White Clippers Player Says Sterling Only Wanted to Pay Big Bucks to Blacks

by / May 5, 2014 Black News 2 Comments

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Once you begin to stereotype people instead of judging them based on the merit, you begin to reach all JJ-redicksorts of erroneous conclusions. Although Clippers owner Donald Sterling is now infamous for telling his girlfriend not to bring blacks to his games, it turns out he stereotypes whites as well, according to Clippers player J.J. Redick.

Redick, who is white, says he had an agreed upon $27 million dollar deal to play for the Clippers but it was almost torpedoed by Sterling’s regressive views on race. Sterling apparently had issues with paying big bucks to a white player and those reservations almost scuttled the deal.

Sterling had once paid Chris Kaman a five-year, $52 million deal and that deal didn’t pan out well for the Clippers, so Sterling thought investing big money in white players was a mistake.

“I’ve been told both ways: one, that he didn’t want to pay me because I was white, and that he didn’t want to pay me because I was a bench player,” Redick said, according to USA Today. “I didn’t know (the deal almost fell apart) until after the fact. I just got a weird phone call from Doc on July 4, and I got off the phone and said to my wife, ‘Something’s going on.’ He’s like, ‘You better play for me (expletive).’ And I was like, ‘Yeah, that’s the plan. We figured this out two days ago, right?’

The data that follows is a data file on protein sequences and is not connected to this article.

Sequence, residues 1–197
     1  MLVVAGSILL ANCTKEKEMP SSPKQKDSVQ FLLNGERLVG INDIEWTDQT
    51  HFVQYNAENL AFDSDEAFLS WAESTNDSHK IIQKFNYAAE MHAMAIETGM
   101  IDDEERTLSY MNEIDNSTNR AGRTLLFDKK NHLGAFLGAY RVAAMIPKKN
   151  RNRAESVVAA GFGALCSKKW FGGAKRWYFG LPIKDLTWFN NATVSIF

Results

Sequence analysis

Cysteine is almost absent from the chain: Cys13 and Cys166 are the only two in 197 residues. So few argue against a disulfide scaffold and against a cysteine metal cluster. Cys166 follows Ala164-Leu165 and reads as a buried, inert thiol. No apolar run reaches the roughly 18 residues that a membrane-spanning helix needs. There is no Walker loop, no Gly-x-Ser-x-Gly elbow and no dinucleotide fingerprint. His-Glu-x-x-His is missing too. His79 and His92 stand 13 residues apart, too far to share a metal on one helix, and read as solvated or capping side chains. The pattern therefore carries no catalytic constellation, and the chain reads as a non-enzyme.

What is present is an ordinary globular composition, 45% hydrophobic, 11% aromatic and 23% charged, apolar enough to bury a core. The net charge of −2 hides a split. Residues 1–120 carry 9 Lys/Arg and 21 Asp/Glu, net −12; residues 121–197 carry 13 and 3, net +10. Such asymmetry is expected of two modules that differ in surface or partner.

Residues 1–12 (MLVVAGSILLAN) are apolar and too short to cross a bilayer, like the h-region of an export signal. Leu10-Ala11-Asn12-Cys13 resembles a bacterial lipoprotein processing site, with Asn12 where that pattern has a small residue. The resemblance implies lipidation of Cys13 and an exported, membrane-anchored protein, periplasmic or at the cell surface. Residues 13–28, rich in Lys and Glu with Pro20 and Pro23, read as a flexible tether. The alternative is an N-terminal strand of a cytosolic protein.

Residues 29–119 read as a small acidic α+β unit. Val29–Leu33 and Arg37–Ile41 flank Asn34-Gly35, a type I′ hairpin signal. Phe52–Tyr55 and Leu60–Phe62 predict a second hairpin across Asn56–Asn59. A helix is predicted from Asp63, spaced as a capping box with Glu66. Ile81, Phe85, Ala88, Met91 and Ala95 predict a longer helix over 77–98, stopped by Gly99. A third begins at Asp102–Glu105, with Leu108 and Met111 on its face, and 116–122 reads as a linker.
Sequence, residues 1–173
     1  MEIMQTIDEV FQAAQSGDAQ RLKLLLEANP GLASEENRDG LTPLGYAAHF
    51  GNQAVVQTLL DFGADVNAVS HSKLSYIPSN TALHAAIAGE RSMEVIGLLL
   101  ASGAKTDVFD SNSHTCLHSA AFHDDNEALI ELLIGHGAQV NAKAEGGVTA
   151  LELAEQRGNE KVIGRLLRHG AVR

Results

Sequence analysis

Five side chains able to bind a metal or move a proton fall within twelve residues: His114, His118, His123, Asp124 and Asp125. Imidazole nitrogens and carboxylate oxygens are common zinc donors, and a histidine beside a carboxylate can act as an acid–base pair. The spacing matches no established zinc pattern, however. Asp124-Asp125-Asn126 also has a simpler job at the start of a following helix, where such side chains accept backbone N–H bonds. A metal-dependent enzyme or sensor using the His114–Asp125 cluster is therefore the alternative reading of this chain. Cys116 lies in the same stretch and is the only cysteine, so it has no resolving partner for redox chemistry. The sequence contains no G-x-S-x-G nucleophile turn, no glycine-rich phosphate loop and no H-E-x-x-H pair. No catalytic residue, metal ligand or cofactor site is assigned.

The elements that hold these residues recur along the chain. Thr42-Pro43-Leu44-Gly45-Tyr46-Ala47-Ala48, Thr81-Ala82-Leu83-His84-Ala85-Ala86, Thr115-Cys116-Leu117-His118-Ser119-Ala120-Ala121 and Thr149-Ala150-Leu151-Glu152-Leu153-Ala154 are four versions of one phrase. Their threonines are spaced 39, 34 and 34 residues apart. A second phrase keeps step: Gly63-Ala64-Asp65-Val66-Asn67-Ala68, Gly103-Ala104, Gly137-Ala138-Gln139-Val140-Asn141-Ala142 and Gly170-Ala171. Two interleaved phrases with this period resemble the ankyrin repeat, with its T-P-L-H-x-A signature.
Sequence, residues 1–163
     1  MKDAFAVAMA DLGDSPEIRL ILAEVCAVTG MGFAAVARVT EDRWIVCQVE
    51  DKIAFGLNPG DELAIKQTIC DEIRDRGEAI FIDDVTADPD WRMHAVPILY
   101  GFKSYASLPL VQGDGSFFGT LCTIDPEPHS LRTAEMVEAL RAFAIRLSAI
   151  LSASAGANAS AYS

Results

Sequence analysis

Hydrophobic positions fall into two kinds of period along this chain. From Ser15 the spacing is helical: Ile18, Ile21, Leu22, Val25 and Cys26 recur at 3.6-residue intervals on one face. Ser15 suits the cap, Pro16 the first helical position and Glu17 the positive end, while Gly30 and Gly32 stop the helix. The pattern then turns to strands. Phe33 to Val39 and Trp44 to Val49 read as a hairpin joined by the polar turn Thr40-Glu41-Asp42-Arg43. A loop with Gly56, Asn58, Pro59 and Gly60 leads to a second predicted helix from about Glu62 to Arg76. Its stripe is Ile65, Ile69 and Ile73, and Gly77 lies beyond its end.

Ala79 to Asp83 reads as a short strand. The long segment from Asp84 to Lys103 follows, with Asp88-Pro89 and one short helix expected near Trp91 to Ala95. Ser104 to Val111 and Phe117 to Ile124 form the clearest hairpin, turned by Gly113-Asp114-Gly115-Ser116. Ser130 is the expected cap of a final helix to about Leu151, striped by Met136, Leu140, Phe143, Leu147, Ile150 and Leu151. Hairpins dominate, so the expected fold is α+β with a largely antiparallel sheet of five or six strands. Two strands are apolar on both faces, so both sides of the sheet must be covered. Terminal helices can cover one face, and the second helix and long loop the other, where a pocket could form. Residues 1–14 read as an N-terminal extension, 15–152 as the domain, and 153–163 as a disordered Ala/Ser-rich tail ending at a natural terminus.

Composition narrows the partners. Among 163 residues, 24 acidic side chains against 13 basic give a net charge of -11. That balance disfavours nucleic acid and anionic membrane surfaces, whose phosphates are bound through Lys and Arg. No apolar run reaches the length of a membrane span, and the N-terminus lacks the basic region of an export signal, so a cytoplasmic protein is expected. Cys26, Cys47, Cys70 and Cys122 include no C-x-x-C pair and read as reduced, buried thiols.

“And then he just rambled a bit. … but he never really got into the nuts and bolts of what was happening. And then I got a call about 48 hours later from my agent, and he said, ‘We wanted to keep you out of it, but here’s what happened.'”

It may seem strange that Redick still wanted to play for the Clippers after learning about Sterling’s antiquated views on race, but when asked about that he says, “I wanted to play for Doc.” He says he wanted to play for coach Doc Rivers, who’d been given a lot of decision making power, and he wanted to be a part of the team. He says as a player, you sometimes ignore what goes on with the owner and focus on your coaches and teammates.


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